• Joseph

Top 10 DIY Router Bits

The router is arguably the most versatile portable power woodworking tool you can own. With this single tool you can shape decorative edges, trim laminates and veneers, rout hinge mortises, and cut a wide variety of woodworking joints, including dado, dovetail, rabbet, mortise-and-tenon, and tongue-and-groove, to name a few.

However, a router without a router bit is a bit like a Ferrari without an engine: nice to have, but not much use. Fortunately there are literally hundreds of different sizes and styles of router bits available. But all those choices can make it difficult to know which router bits to buy, especially if you’re new to routing. Below is a list of 10 carbide-tipped router bits that every do-it-yourselfer should own. And once your woodworking skills and confidence grow, you can add more bits to your collection. Happy routing!

1 Straight-Cutting Bit—As its name-implies, this bit cuts straight, square-bottomed grooves. It’s available in various diameters, but the three most valuable sizes include: ¼-, ½-, and ¾-inch diameter. Use this bit to cut rabbets, dadoes, and grooves for accepting plywood cabinet backs and drawer bottoms. And since this is a non-piloted bit, be sure to guide the router along a straightedge to ensure straight, accurate cuts.

It's worth noting that there are also specially designed straight bits called, plywood bits, which are used to cut grooves and dadoes for parts cut from hardwood-veneer plywood. These bits exist because ¾-in.-thick plywood is slightly less than ¾-in.; the same goes for ¼- and ½-in. plywood. Therefore, if you rout a groove or dado with a standard straight-cutting bit, the joint will be a little too wide and parts won’t fit tightly together.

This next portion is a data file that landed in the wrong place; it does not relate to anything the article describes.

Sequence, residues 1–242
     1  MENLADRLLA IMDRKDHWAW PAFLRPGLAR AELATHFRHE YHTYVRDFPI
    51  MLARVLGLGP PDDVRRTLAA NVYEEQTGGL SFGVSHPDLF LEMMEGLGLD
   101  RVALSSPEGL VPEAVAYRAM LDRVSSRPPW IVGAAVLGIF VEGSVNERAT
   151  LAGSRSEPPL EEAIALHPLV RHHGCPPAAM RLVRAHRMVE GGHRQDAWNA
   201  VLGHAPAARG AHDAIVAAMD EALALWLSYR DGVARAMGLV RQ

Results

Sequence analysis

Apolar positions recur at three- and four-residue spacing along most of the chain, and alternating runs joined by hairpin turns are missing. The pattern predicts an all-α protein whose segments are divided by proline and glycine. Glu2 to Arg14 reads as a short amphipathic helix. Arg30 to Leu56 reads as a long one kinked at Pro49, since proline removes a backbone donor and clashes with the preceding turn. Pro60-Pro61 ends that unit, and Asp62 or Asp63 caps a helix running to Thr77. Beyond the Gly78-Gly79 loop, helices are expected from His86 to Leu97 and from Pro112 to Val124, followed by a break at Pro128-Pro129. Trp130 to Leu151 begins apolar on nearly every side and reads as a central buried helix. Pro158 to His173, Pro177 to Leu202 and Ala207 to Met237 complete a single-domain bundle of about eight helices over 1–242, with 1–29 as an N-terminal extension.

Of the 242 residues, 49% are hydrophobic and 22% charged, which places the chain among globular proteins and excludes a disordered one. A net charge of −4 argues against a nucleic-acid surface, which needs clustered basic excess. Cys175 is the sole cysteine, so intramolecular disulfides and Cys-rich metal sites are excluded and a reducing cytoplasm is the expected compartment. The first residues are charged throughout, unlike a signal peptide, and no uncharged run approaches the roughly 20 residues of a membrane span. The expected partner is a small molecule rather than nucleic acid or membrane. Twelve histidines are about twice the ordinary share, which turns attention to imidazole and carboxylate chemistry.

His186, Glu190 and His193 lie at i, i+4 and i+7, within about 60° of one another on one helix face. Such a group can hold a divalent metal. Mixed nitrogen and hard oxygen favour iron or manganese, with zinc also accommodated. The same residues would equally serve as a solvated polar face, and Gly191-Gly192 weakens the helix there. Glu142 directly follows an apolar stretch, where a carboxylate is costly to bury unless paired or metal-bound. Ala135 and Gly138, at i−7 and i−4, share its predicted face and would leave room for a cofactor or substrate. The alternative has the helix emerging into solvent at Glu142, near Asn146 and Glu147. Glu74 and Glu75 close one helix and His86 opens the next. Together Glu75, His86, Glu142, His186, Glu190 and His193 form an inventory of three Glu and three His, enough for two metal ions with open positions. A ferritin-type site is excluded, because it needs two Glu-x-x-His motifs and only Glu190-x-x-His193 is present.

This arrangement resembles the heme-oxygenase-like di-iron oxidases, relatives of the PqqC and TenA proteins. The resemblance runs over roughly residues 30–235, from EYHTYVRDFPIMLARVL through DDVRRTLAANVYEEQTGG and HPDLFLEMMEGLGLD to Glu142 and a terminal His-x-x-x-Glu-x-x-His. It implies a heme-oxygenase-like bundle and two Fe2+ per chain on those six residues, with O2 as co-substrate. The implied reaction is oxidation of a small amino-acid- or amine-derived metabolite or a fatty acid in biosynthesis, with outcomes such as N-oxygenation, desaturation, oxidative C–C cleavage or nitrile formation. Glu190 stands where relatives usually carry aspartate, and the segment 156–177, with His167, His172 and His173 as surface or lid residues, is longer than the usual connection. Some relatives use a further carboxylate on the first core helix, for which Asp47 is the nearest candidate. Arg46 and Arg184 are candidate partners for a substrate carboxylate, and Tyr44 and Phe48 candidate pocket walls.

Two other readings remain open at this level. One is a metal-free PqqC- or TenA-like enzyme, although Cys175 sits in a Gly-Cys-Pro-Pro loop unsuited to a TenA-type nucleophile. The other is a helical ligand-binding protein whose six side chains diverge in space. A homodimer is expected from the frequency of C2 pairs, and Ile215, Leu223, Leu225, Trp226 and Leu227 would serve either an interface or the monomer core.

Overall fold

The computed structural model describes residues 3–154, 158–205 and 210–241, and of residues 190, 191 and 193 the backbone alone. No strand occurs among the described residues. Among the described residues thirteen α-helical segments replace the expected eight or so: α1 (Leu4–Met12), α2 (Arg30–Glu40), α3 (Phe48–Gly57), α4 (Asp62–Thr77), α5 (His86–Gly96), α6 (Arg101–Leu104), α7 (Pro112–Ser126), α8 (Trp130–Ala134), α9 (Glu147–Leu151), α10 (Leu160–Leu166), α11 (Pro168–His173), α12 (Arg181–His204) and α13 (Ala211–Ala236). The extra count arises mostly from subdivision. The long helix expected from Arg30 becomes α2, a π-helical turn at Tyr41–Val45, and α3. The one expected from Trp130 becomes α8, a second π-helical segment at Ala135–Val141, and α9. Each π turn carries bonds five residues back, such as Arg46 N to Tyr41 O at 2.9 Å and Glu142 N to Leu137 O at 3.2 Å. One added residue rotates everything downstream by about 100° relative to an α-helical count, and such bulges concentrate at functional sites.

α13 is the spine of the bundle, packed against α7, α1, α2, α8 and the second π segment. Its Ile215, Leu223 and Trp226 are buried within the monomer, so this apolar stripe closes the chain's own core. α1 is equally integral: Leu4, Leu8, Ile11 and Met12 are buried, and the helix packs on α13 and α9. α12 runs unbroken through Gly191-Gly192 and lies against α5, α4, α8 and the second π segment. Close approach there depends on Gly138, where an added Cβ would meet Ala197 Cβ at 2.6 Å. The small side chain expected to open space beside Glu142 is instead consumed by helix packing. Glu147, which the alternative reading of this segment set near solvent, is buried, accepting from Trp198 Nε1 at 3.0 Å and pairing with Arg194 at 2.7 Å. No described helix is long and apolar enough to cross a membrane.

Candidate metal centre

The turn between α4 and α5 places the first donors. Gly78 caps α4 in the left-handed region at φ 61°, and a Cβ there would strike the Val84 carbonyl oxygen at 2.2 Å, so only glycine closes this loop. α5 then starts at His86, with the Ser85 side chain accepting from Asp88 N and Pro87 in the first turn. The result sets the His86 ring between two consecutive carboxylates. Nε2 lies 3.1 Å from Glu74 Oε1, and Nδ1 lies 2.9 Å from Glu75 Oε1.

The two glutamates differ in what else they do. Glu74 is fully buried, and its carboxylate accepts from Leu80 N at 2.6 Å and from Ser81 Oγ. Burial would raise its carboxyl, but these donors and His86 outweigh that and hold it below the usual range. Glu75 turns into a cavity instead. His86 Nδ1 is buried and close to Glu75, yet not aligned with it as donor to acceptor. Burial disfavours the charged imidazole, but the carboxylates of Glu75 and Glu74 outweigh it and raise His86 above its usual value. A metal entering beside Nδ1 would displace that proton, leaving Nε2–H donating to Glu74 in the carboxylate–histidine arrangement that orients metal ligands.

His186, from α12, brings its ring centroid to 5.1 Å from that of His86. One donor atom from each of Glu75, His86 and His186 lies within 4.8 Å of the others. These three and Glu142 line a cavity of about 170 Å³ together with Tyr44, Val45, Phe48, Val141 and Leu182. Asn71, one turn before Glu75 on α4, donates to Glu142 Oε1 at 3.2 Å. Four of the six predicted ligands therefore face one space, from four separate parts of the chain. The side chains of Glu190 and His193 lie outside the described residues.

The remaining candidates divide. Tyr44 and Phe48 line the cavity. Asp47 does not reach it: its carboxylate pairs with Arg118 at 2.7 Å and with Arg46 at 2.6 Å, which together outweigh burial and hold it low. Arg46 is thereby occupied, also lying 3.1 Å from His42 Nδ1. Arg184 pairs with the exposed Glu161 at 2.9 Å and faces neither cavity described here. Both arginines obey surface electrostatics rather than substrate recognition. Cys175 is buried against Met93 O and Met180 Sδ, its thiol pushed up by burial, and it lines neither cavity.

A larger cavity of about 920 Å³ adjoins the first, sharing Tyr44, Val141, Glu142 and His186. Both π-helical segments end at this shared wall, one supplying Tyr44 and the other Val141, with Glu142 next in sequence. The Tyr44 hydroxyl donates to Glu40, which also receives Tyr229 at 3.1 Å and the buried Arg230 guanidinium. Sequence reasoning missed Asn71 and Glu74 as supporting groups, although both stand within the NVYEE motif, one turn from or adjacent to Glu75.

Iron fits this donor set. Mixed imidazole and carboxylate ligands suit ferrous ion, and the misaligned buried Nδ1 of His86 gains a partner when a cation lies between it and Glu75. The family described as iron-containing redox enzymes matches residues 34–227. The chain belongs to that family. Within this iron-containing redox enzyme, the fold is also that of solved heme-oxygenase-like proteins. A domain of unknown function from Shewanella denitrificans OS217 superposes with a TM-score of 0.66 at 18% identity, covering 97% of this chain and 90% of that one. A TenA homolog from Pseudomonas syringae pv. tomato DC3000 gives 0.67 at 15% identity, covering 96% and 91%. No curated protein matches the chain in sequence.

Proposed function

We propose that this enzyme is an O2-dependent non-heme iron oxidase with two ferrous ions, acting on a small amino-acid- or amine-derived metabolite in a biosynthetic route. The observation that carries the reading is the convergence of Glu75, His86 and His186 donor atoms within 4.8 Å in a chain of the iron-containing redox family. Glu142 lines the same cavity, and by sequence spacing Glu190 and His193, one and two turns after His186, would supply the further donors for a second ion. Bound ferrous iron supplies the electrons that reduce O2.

2 Rounding-Over Bit—This edge-shaping bit is used to radius or, “round over,” the edge of a board. The bit is fitted with a ball-bearing pilot that controls the width of the cut. The cutting depth is set by adjusting the router base. Rounding-over bits come in a wide range of sizes, designated by the radius of the cut. The two most useful bit sizes are ¼- and 3/8-inch radius. Use this bit to shape the edges of shelves, tabletops, chair arms, and other places where you’d like to round over a sharp edge.

3 Roman Ogee Bit—Perhaps the most popular of all edge-shaping bits, Roman ogee router bits have a distinctive profile for cutting classical decorative detailing into the edges of tabletops, picture frames, vertical stiles, and horizontal rails. A ball-bearing pilot attached to the end of the bit controls the width of the cut. Roman ogee bits are commonly available in three sizes: 5/32-, ¼- and 3/8-inch radius. The ¼-inch size will serve most needs.

4 Cove Bit—A cove bit is essentially the opposite of a rounding-over bit. Instead of rounding the edge, a cove bit cuts a concave radius out of the edge. The result is a simple, decorative edge that adds visual interest to furniture legs, cabinet doors, and bookshelves. Designated by the size of the radius they cut, cove bits range in size from 1/16 to 1 inch radius. However, most DIYers could get by nicely with a ¼- or 3/8-inch-radius cove bit.